I understand the concern over the infield defense, but wow. It's like people aren't willing to admit that defense (historically) improves over the course of a career. I won't argue that Weeks's numbers aren't great to this point in his career, but geez, he's only 24. And his defensive corner-turning in 2006 was undeniably not a fluke. He worked his butt off, and eventually something *clicked* for Rickie.

 

Great pitchers aren't afraid to get hit. They just make that chunk of time (when they do get hit) as small as possible. The Brewers signed Suppan for 4 years, not one (insert 'Now we'll never re-sign Sheets' comment here, I'm sure). The defense needs to back the pitchers up, not the other way around. It's a bad organizational strategy to simply look for pitchers that fit your position-player personnel, but that's just MHO.

 

Why is it that most of our pitching threads, regardless of initial topic, devolve into the "Our infield defense sucks", usually related to Pitchers' BB/K rates? I know the immediate answer is "Because it's a concern that's taking place right now, this instant"

 

Gathering pitchers that are unafraid of being hit is a very, very good thing. Sure, if they strike guys out at the rates of Sheets or Bush, then obviously you want that guy. Otherwise, adding someone like Soup is the right choice, IMHO.

 

Chien-Ming Wang is the newest star out of this mold. With an IF defense that combined for 86 E in 2006 (to the Brewers' 81), Wang still had an incredible year. Pitching to contact is a very appropriate philosophy. I know errors are not the only way by which to judge a defense, but it's a well-known barometer, so I point to it.

Stearns Brewing Co.: Sustainability from farm to plate
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But the Angry Plumber, Cappy, Suppan, CV the Younger (who I know isn't starting, but still adheres), and the Sheeter (especially) make you work for first base.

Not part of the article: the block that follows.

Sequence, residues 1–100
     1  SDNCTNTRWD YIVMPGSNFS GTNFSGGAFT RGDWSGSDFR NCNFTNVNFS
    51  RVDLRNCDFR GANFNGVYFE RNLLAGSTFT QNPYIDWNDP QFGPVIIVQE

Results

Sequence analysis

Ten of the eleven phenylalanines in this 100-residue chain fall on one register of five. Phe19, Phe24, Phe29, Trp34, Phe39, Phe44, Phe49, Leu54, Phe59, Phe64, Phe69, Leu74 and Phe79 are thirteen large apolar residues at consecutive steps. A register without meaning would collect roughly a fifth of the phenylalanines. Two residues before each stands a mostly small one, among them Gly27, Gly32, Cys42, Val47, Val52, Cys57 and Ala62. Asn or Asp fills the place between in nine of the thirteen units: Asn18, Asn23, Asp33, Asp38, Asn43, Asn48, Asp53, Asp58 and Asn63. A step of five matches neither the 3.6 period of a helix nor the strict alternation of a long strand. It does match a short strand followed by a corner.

Wait. Who's the Angry Pumber? I missed something...

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I've got nothing substantial to the topic in question- I just want to point out Sheets has collected a new nickname- "The Sheeter". Try saying that in a bastardized Mexican accent, why don't you.
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Watching Bush last year with that crazy facial hair (and sometimes bald head), I was reminded of an Angry Plumber Super Mario Bros.-style. As for the game yesterday, I think the most disheartening part was that Dennis Sarfate continues to nibble. Much like Corey Hart last ST, this ST I am overtly rooting for Sarfate, the guy who this past winter must have elicited many a chuckle with his usage of Ben's new nickname (Thanks Zycho).
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from jsonline today:

Quote:
A day after losing, 15-6, to the Giants, manager Ned Yost was not happy with yet another poor pitching effort in a 10-7 defeat that included 12 walks.

 

"Our command has been brutal," Yost said. "It's going to have to pick up. It's something we need to get better at in the very near future. Innings are starting to count. If you can't exhibit command at this level, odds are you won't be here."


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Quote:
It's hard to quantify, but I would think that in a division with clubs like the Cubs who seem to walk a ton of guys..this should be a major asset and must hold true if we want the Central.

it's only spring training, and it's early in spring training, but the cubs are issuing 3.40 walks per 9 innings and the brewers are issuing 4.19 per 9.

 

while these results likely will not project to the major league pitching staffs of both clubs, they can be an early indication of the overall pitching depth of each organization.